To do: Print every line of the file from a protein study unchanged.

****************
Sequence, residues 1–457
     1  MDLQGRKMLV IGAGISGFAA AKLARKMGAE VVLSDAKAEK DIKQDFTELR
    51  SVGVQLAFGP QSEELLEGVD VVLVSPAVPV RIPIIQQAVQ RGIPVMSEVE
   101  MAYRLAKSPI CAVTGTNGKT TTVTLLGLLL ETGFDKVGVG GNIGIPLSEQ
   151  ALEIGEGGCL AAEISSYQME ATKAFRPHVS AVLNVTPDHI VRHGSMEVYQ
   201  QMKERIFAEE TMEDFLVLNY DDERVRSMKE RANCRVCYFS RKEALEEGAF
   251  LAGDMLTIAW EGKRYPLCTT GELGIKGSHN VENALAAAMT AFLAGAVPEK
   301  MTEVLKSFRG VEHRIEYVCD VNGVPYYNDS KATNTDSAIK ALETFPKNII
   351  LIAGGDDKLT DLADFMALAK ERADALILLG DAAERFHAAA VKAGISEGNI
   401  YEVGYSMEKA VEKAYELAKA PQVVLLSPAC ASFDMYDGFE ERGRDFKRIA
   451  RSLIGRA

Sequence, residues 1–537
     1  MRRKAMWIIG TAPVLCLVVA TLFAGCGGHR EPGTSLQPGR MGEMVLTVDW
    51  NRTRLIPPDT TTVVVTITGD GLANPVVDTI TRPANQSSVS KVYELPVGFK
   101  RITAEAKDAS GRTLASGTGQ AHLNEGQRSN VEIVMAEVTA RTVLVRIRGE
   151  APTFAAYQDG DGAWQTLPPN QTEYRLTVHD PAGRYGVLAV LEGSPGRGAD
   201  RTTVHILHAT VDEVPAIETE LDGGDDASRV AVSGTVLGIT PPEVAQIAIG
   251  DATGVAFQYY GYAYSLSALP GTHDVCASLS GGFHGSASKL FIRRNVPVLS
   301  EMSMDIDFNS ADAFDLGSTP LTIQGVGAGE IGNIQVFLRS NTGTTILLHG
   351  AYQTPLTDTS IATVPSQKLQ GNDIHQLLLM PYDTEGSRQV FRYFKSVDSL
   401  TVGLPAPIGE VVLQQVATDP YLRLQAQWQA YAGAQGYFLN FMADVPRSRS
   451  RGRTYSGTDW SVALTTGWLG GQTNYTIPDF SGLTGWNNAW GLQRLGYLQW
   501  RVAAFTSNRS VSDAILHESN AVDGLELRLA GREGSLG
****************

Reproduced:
Sequence, residues 1–457
     1  MDLQGRKMLV IGAGISGFAA AKLARKMGAE VVLSDAKAEK DIKQDFTELR
    51  SVGVQLAFGP QSEELLEGVD VVLVSPAVPV RIPIIQQAVQ RGIPVMSEVE
   101  MAYRLAKSPI CAVTGTNGKT TTVTLLGLLL ETGFDKVGVG GNIGIPLSEQ
   151  ALEIGEGGCL AAEISSYQME ATKAFRPHVS AVLNVTPDHI VRHGSMEVYQ
   201  QMKERIFAEE TMEDFLVLNY DDERVRSMKE RANCRVCYFS RKEALEEGAF
   251  LAGDMLTIAW EGKRYPLCTT GELGIKGSHN VENALAAAMT AFLAGAVPEK
   301  MTEVLKSFRG VEHRIEYVCD VNGVPYYNDS KATNTDSAIK ALETFPKNII
   351  LIAGGDDKLT DLADFMALAK ERADALILLG DAAERFHAAA VKAGISEGNI
   401  YEVGYSMEKA VEKAYELAKA PQVVLLSPAC ASFDMYDGFE ERGRDFKRIA
   451  RSLIGRA

Sequence, residues 1–537
     1  MRRKAMWIIG TAPVLCLVVA TLFAGCGGHR EPGTSLQPGR MGEMVLTVDW
    51  NRTRLIPPDT TTVVVTITGD GLANPVVDTI TRPANQSSVS KVYELPVGFK
   101  RITAEAKDAS GRTLASGTGQ AHLNEGQRSN VEIVMAEVTA RTVLVRIRGE
   151  APTFAAYQDG DGAWQTLPPN QTEYRLTVHD PAGRYGVLAV LEGSPGRGAD
   201  RTTVHILHAT VDEVPAIETE LDGGDDASRV AVSGTVLGIT PPEVAQIAIG
   251  DATGVAFQYY GYAYSLSALP GTHDVCASLS GGFHGSASKL FIRRNVPVLS
   301  EMSMDIDFNS ADAFDLGSTP LTIQGVGAGE IGNIQVFLRS NTGTTILLHG
   351  AYQTPLTDTS IATVPSQKLQ GNDIHQLLLM PYDTEGSRQV FRYFKSVDSL
   401  TVGLPAPIGE VVLQQVATDP YLRLQAQWQA YAGAQGYFLN FMADVPRSRS
   451  RGRTYSGTDW SVALTTGWLG GQTNYTIPDF SGLTGWNNAW GLQRLGYLQW
   501  RVAAFTSNRS VSDAILHESN AVDGLELRLA GREGSLG